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'Depsang is Gone': Rahul Gandhi Accuses India of Ceding Crucial Strategic Point to China

Rahul Gandhi - Sputnik International, 1920, 03.03.2021
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On 10 February, India and China reached an agreement to begin the disengagement process and moved back from their positions on Pangong Lake. The two sides are said to have agreed to work towards an understanding on the disengagement process will be initiated at other friction points, including the Depsang Plains, Gogra and Hot Springs.

Congress leader Rahul Gandhi on Wednesday claimed that the Narendra Modi government has ceded control of Depsang, a strategic point close to Karakoram Pass, to Beijing.

Taking to Twitter, Gandhi, while sharing a news article about the Chinese PLA buildup near the region, slammed Prime Minister Narendra Modi's government for buckling in front of China. 

"China mobilised its conventional and cyber forces to threaten India following which the Indian government buckled. Mark my words, our land in Depsang is gone and Daulat Beg Oldie is vulnerable. Government of India’s cowardice will lead to tragic consequences in the future," he said.

​Depsang is located near India's Daulat Beg Oldi (DBO) airstrip, an all-weather facility strategically located at the tri-junction point of India, Pakistan and Chinese controlled parts of the Jammu and Kashmir region called Aksai Chin.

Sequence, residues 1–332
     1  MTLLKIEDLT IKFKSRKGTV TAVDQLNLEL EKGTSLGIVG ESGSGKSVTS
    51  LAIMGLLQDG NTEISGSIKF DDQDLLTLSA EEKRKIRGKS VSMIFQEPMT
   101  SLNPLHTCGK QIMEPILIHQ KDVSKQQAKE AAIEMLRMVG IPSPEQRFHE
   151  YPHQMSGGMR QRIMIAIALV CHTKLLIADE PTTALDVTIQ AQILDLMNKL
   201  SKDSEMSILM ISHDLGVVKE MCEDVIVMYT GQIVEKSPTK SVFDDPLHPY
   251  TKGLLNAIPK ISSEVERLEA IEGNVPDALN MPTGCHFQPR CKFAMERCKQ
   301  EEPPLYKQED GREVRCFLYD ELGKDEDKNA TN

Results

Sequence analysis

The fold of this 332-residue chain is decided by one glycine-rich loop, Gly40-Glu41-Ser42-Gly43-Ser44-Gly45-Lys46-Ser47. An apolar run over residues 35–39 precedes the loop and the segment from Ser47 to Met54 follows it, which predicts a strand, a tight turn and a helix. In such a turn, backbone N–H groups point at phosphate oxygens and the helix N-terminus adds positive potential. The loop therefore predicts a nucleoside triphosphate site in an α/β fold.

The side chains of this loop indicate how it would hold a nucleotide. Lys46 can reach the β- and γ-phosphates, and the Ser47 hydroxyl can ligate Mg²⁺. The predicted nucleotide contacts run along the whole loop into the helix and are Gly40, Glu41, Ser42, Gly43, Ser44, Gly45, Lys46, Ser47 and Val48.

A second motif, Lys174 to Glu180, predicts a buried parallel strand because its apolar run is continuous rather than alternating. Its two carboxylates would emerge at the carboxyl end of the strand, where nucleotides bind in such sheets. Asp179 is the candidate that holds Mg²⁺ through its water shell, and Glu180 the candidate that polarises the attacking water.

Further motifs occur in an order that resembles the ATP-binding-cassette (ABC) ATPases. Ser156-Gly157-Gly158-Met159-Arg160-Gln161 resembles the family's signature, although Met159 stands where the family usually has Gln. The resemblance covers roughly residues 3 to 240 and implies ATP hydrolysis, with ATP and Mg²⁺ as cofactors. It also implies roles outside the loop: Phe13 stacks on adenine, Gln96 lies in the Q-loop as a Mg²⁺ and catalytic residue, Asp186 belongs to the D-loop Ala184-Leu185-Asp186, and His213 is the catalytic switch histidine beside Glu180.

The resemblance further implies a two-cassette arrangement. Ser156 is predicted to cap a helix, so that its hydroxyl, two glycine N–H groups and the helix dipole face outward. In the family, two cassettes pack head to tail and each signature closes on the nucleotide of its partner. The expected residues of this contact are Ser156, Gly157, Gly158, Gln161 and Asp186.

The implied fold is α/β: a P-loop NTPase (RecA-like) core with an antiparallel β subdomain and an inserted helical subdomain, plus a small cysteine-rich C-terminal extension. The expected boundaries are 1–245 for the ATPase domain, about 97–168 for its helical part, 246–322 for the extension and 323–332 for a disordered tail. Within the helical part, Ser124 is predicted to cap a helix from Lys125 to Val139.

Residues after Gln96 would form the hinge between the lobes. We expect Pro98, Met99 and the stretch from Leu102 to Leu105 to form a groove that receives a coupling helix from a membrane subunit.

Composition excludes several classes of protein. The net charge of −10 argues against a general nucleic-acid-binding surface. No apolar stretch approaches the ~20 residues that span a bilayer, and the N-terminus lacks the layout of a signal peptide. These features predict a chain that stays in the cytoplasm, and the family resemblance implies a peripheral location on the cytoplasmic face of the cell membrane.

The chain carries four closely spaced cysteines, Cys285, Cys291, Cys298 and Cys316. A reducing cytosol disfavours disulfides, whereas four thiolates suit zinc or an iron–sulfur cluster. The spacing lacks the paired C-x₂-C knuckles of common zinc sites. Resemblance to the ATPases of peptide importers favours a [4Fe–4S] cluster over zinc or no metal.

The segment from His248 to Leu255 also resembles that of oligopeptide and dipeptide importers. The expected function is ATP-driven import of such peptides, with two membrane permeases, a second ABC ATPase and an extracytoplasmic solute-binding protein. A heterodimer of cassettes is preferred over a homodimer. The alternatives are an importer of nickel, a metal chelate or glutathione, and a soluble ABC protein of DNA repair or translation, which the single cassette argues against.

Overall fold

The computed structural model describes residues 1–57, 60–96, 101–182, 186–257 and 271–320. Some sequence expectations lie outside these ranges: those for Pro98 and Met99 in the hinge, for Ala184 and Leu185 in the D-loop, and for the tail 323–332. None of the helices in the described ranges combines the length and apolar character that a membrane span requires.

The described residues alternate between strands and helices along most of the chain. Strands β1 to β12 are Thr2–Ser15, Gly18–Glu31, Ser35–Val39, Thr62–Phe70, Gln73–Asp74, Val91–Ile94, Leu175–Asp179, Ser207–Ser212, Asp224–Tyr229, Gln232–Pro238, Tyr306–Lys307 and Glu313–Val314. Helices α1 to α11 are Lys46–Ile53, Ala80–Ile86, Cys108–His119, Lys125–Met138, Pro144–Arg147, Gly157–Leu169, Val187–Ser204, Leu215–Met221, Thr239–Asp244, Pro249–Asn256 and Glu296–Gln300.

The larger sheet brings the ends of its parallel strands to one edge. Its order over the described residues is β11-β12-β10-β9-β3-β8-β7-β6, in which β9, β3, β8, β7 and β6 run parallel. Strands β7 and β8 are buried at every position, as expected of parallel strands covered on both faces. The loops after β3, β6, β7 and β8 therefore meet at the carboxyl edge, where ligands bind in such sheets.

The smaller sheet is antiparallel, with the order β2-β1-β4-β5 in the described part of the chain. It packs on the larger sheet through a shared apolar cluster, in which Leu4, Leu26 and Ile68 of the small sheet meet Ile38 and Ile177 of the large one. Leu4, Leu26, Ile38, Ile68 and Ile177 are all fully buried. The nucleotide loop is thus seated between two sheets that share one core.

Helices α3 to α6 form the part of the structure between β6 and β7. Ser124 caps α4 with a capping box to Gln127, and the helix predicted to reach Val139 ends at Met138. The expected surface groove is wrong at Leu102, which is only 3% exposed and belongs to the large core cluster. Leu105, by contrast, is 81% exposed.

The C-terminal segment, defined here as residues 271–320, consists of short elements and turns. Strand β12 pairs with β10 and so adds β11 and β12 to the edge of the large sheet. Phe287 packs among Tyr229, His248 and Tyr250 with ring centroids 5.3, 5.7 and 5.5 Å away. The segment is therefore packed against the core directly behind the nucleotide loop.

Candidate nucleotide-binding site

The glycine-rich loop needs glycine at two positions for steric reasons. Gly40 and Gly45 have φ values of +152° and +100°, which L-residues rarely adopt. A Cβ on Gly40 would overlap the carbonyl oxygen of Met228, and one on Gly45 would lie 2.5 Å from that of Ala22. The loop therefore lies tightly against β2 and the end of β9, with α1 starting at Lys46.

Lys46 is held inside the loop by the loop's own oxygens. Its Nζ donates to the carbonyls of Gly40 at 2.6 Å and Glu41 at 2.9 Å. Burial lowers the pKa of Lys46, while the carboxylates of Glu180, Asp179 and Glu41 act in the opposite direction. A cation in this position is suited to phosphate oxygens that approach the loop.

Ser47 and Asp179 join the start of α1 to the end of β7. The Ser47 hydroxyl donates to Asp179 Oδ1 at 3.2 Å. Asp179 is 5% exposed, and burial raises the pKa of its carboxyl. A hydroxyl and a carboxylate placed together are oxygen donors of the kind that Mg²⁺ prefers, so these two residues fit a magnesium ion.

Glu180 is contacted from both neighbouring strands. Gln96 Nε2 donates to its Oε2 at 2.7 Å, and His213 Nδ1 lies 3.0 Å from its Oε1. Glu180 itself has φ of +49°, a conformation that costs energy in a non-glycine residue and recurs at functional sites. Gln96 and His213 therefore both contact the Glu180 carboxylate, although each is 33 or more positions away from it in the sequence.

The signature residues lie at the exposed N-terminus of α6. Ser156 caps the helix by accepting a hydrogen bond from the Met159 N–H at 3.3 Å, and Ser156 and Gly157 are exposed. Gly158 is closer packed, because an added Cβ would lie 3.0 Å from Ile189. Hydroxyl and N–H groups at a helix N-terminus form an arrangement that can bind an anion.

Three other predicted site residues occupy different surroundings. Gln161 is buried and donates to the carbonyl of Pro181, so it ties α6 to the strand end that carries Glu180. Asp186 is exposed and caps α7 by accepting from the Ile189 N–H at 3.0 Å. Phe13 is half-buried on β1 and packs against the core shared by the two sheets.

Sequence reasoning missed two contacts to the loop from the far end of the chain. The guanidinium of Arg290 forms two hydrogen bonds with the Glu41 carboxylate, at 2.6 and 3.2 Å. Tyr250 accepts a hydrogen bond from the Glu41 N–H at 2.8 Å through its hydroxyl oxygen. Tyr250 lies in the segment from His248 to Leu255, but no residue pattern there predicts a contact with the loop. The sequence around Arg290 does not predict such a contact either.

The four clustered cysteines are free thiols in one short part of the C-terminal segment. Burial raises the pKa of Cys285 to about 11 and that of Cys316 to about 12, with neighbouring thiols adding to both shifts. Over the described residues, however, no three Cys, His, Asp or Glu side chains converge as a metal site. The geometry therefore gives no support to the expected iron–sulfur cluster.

Recently, Synthetic Aperture Radar (SAR) images of a permanent Chinese post showed a glimpse of the Chinese buildup near the Line of Actual Control (LAC)-- a loosely demarcated line that divides the two countries. The latest imagery suggests additional auxiliary structures, camps, vehicles and fencing near the LAC in the eastern Ladakh region. 

Over the last few months, India has been asserting and has maintained that it is necessary to disengage from all friction points in order to contemplate the de-escalation of forces and restoring peace and tranquillity along the Line of Actual Control.

The stand-off between the two countries started in April 2020 over border infrastructure near Pangong Tso and escalated into a violent clash on 15-16 June, in which 20 Indian soldiers and four Chinese soldiers were killed. After nine rounds of military commander-level talks, besides diplomatic negotiations, the two sides reached an agreement on 10 February.

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